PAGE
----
Monday, 16 July 2012

Poor Miss Finch

Her sight newly restored, Lucilla embraces the wrong twin.

I recently finished reading Wilkie Collins’ novel Poor Miss Finch. It seems to be one of his lesser-known novels - possibly a deserved fate in this case. Reading it is rather like rummaging around the back of an old bookshop – leafing through musty pages. Outside the shop, life goes on. Inside, time stands still for a few moments of peaceful browsing.

It’s a book we could never turn into a film though, because we’d tie ourselves in politically correct knots, trying to impose our own cultural norms on Collins’ much more matter of fact take on blindness and skin colour.

Lucilla Finch is a young blind woman, but comfortably off so her blindness is mitigated somewhat by servants and physical comfort. She falls in love with Oscar Dubourg, one of two twins, the other being Nugent. Oscar is assaulted during a burglary and as a result of a blow on the head, suffers from epilepsy. He controls his epileptic fits by taking silver nitrate which turns his skin dark blue, almost black.

Actually it would be more likely to poison him, but Collins seems not to have known that. The novel is narrated by Madame Pratolungo, a Frenchwoman and companion to Lucilla.

"Silver!" he exclaimed. "Have you?" I asked. "I know the price I pay for being cured," he answered quietly. His composure staggered me. "How long have you been taking this horrible drug?" I inquired. "A little more than a week."

Notice how the silver nitrate is a horrible drug merely because of the skin colour effect. In the world of Collins' novel, it completely controls Oscar's epileptic fits with no other side-effects.

Anyway, Lucilla has a horror of dark colours and although she and Oscar are engaged to be married, he doesn’t tell her about the colour of his skin. At this point, Herr Grosse, a German oculist is consulted on Lucilla’s blindness and he undertakes to cure her. Collins did a considerable amount of research on blindness, particularly on the way blind people adapt and also on what tends to happen if a blind person is fortunate enough to recover their vision.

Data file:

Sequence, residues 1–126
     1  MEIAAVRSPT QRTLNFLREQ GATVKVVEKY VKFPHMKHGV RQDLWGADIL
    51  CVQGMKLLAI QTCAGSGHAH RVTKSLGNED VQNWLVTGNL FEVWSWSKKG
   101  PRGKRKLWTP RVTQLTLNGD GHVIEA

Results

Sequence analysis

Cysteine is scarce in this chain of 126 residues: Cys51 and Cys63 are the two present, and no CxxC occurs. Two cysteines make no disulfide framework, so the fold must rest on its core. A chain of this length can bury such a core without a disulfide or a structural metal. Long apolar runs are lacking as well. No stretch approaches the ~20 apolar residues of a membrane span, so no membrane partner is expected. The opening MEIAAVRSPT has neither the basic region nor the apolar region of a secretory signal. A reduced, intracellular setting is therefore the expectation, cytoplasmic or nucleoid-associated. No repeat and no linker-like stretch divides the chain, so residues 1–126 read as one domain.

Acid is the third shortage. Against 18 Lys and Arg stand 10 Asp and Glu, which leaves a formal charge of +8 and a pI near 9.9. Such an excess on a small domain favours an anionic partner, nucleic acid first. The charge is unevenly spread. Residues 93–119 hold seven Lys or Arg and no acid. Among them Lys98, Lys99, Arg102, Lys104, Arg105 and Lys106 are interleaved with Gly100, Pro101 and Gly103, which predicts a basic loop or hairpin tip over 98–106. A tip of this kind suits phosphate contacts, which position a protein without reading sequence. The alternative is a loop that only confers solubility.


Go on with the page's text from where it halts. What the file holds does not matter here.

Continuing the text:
The disorientation and inability to make sense of what is newly seen are all described well, although the cause of Lucilla’s blindness, childhood cataracts, and the speed of her recovery once Herr Grosse removes them, are medically improbable.

To nobody's surprise, Lucilla mistakes the other twin, Nugent for Oscar when her sight is restored. Eventually the situation is resolved after lots of nefarious double-dealing by Nugent and wimpish evasion by Oscar. Unfortunately the stress of it all sends Lucilla blind again, another medical twist so unlikely that it had me smiling at Collins' literary chutzpah.

Could we handle these subjects today? Collins just used blindness and skin colour as plot mechanisms, but I’m not so sure we’d manage it with all the baggage we have. All in all a worthwhile if rather odd read, as Collins usually is, but I doubt if many would get on with it these days.

An interesting comment on how far we have drifted socially though.


Sam Vega said...

Hang on a minute!

Blind Lucilla has a horror of dark colours?

I take it she once had sight.

Actually, there is an opportunity for a better novel here, AKH, and you ought to start today. What about a young anosmic girl who falls in love with the good-looking chap with foul B.O. and halitosis? All remark on the suitability of their match until the good Herr Grosse turns up...

A K Haart said...

Sam - Lucilla went blind at the age of one because of childhood cateracts, but was sensitive to light and dark.

Maybe the anosmic girl could be a ghost? Or maybe she just works at a sewage works then gets another job? But because she loves him, she goes back to the sewage works.

James Higham said...

Actually it would be more likely to poison him, but Collins seems not to have known that.

Well, we must have the regulation [near] black person, mustn't we?

A K Haart said...

James - I'm not really sure what Collins intended with this. There is no suggestion that Oscar looked like a black person - just weird.